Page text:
Q. Can I train for labor?
A. Giving birth is a bit like running a marathon: The better prepared you are physically, the easier it is to make it to the finish line. Studies show that women who are in good physical shape before delivery have shorter labors and need fewer interventions such as forceps delivery, vacuum delivery, and cesarean delivery. According to their own reports, fit women feel emotionally better prepared for labor than women who are less fit.
Fitness makes a difference in several ways. Ample aerobic capacity helps you endure the physical demands of labor and delivery. Good flexibility makes it easier for you to labor in different positions. Strong muscles come in handy when it's time to push the baby out. Having an athlete's mind-set can help too: Some women athletes say the experience of competing in sports prepares them for the rigors of labor. You don't have to be a jock though: Even daily walking counts and will make a difference in your fitness.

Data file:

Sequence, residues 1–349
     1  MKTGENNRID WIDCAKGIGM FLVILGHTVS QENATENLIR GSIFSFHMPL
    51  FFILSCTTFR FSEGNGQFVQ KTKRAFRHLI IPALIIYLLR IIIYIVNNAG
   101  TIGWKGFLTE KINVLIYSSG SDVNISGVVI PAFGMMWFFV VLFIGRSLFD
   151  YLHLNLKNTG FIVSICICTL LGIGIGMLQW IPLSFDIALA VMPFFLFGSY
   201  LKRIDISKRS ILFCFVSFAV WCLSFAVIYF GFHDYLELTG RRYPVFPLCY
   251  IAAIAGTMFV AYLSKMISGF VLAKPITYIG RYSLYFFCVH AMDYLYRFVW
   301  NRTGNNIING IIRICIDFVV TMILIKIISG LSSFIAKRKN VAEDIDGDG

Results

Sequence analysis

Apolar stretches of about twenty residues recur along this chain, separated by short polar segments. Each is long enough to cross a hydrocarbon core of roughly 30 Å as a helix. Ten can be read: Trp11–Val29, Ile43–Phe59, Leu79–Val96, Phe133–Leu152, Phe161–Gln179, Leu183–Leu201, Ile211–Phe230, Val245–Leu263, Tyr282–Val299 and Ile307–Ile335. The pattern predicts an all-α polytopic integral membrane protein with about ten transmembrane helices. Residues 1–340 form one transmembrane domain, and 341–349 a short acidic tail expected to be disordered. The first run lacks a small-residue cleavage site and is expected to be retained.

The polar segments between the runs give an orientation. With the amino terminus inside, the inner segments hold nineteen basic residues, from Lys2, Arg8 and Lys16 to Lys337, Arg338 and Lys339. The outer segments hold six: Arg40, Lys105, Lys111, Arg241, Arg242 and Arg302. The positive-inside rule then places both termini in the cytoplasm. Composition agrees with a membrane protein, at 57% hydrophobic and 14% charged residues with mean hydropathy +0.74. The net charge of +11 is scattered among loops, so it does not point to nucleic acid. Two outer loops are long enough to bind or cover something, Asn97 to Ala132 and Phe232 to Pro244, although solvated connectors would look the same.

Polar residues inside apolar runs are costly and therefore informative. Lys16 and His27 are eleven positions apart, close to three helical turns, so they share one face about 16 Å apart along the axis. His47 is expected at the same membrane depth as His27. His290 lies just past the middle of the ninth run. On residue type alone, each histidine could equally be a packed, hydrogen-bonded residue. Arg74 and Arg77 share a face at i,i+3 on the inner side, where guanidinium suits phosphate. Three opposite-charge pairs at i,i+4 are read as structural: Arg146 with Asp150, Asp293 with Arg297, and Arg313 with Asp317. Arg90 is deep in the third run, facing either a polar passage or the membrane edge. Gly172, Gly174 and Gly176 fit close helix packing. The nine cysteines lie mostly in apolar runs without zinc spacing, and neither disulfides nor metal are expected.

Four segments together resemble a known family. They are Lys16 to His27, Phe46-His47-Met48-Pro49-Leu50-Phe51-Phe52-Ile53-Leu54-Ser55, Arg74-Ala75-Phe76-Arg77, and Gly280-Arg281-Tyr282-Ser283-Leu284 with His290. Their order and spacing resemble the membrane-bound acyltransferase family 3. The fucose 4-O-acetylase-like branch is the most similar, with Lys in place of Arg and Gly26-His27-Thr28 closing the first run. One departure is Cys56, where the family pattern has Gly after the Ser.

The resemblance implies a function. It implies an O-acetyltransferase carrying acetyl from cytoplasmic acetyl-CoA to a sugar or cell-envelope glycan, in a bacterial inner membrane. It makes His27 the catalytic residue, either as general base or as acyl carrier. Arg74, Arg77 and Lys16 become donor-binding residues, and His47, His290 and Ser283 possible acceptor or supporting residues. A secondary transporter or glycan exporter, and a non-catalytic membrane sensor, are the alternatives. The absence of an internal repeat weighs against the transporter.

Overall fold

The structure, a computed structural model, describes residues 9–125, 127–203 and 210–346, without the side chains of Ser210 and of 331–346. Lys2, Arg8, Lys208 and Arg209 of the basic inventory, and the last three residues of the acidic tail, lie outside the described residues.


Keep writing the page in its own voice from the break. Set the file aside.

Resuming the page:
Physical fitness doesn't guarantee a short, easy labor. Other factors play a part. For example, a woman who is well rested before delivery will have more stamina than one who is exhausted.
If you have been exercising throughout your pregnancy, keep at it, provided your doctor approves. If you've been sedentary so far, talk with your doctor about whether you can begin a gentle walking program or take a prenatal exercise class.
Originally published in You & Your Baby: Pregnancy.
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